February 10, 2005


I suppose it's nothing more than a coincidence, but the latest rant from Ayman al-Zawahiri, al Qaeda's number two (in more ways than one, I presume), hits many of the same themes of our friend Sayyid Qutb:

Liberty as construed by the Americans was based on "usurious banks, giant companies, misleading media outlets and the destruction of others for material gain," charged the voice in the recording aired by Arabic news channel Al-Jazeera.

Real freedom was "not the liberty of homosexual marriages and the abuse of women as a commodity to gain clients, win deals or attract tourists," said the voice.

I'll update this later tonight with the exact quotes, but in Qutb's understanding, the only possible reason a woman would be in the workplace would be to flash a little flesh to win business, showing as usual his contempt for both women (who could only have merits outside the family as sexpots) and men (who are only capable of valuing them as such). In his view, all capitalism ended in monopoly (whereas monopoly is the death of capitalism). The only new item is that gay marraige has been added to the mix.

Update: Here's a couple of quotes from Qutb, to give a sense of what I had in mind, from Social Justice in Islam:

And while today we watch the materialistic West preferring women to men in some professions, particularly in commerce, in embassies, in consulates, and in information services such as newspapers and the like, we must not forget the regrettable and unsavory significance of this advancement. It is a form of slavery and servitude in an atmosphere of the smoke of incense and opium. It is the exploitation of the sex instinct of customers by the merchants; and similarly the government appoints women to embassies and consulates, all newspaper editors send women to glean news and information. All of them are merely attempting to make use of women and they know what success women can have in these fields. They know, too, what she must give to achieve her success. And even if she gives nothing -- which is unlikely -- they know what hungry passions and eager eyes encompass her body and her words. But they take advantage of women's hunger for material gain and for some slight success; for humane and noble feelings are far, far from them.

Note: First of all, nothing bothers my dry cleaner so much as the smell of opium and incense in all my sports jackets. Second, it apparently does not occur to Qutb that women might end up as bosses. Third, it appears that Qutb thinks all men regard a woman as being nothing more than what's between her legs; I presume the lifelong bachelor and onetime nudist enthusiast spoke from personal experience.

Regarding business, Qutb wrote,

Similarly, we find the medicine markets monopolized by Jews and others, so the sick undergo suffereing or are left to die, while the monopolists make their scandalous profits and thereby amass their unlawful wealth.


...when American capitalism reaches the end of its tether, when the restraints of monopolies are tightened, when the ordinary man sees that he has no longer the opportunity of himself becoming a capitalist, when wages drop because of the tightening of monopoly control or for any other reason, then the American worker is going to turn right over to communism...

There are better examples, and were it not so late (1:43 a.m. now) I'd dig them out, but it's time for bed. It is worth noting that Qutb's odd ideas about capitalism (he seemed to believe that monopoly was the goal of the capitalist system, whereas Adam Smith bitched and moaned about monopolies and even price fixing among competitors) are worthy of a post or a series of posts all by themselves...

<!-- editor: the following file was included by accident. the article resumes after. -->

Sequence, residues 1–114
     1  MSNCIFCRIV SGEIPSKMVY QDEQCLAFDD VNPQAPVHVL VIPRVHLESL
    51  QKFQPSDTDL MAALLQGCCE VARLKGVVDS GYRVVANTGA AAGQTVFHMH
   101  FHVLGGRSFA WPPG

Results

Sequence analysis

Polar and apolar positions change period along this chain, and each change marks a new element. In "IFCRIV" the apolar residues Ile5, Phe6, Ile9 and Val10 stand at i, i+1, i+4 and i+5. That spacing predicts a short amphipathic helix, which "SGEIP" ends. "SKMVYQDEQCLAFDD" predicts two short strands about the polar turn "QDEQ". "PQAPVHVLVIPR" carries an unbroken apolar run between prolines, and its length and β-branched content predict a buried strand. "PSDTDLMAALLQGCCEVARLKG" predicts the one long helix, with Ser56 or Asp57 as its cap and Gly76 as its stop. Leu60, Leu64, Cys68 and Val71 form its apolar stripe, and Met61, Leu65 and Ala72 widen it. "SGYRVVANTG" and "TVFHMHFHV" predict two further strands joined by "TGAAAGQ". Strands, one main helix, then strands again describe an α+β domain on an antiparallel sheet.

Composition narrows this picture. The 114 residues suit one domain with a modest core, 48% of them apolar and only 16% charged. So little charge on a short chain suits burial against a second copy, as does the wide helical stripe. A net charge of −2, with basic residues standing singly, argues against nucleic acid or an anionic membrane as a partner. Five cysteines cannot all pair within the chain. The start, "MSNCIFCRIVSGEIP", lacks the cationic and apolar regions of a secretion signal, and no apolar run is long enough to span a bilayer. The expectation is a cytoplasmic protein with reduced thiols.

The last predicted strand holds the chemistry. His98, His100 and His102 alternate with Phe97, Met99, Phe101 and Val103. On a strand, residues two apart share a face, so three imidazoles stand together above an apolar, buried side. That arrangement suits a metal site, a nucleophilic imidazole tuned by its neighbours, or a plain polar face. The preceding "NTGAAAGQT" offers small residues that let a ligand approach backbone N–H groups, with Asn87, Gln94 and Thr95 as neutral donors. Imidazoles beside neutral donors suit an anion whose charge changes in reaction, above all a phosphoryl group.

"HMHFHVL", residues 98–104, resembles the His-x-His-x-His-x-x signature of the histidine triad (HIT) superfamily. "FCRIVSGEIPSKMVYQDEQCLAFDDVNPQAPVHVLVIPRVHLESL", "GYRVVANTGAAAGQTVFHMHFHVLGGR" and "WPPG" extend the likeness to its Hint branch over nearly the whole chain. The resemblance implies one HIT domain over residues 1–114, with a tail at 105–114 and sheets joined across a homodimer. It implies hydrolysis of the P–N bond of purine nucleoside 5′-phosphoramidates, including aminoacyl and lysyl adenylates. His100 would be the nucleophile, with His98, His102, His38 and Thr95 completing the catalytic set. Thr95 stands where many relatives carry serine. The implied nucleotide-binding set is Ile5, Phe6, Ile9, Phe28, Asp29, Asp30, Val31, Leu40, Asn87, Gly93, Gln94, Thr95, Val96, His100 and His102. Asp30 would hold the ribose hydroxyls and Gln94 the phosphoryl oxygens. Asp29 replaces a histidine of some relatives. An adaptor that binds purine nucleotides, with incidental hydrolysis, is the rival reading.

Posted by Ideofact at February 10, 2005 05:27 PM

I notice that this post hasn't drawn the attention that the other Qutb posts often do.

Perhaps it's because Qutb isn't quoting the Qur'an...

This quote from Qutb is on the one hand very exlanatory, and on the other hand mystifying.

If it is representative of America's image to some segment of the Muslim world, then I wonder why there aren't more airplane hijackings.

If it representative of Qutb's experiences in America as a student, then I conclude that he doesn't know the first thing about studying a foreign culture.

I learned this from friends and relatives who are heavily involved in anthropology, and related fields.

The first thing to remember when studying a foreign culture is that is is foreign. These people have many of the same problems as our culture (supply of food, clothing, shelter, and an explanation for the meaning of life). However, different forces are at work. Different materials, different history, different cultural decisions all produce different cultures.

In the case of American capitalism: it appears to Qutb to produce monopoly. This impression is easy for a foreigner to gain, from examples like Coca-Cola and McDonalds. Even a visit to America is not likely to dispel this impression, unless the visitor deliberately sets out to find out the truth of his impressions and assumptions.

I, the native to America, see many more businesses on local, regional, and national levels. Several large categories of beverage sellers and restaurants exist, and a competition occurs between local, regional, and national brand names in most of those categories.

This is but one example. The larger issue of relations between the sexes, and placement of cultural boundaries--in both public life and private life--has much history behind it.

I don't criticize the changes in the American culture without trying to understand the history behind them.

I don't have any patience for foreign critics who don't at least try to understand the history of what they're critiquing.

In Qutb's case, I have even less patience with him, because he advocates the use of force to right all the wrongs in the world.

Posted by: steve h at February 13, 2005 02:41 PM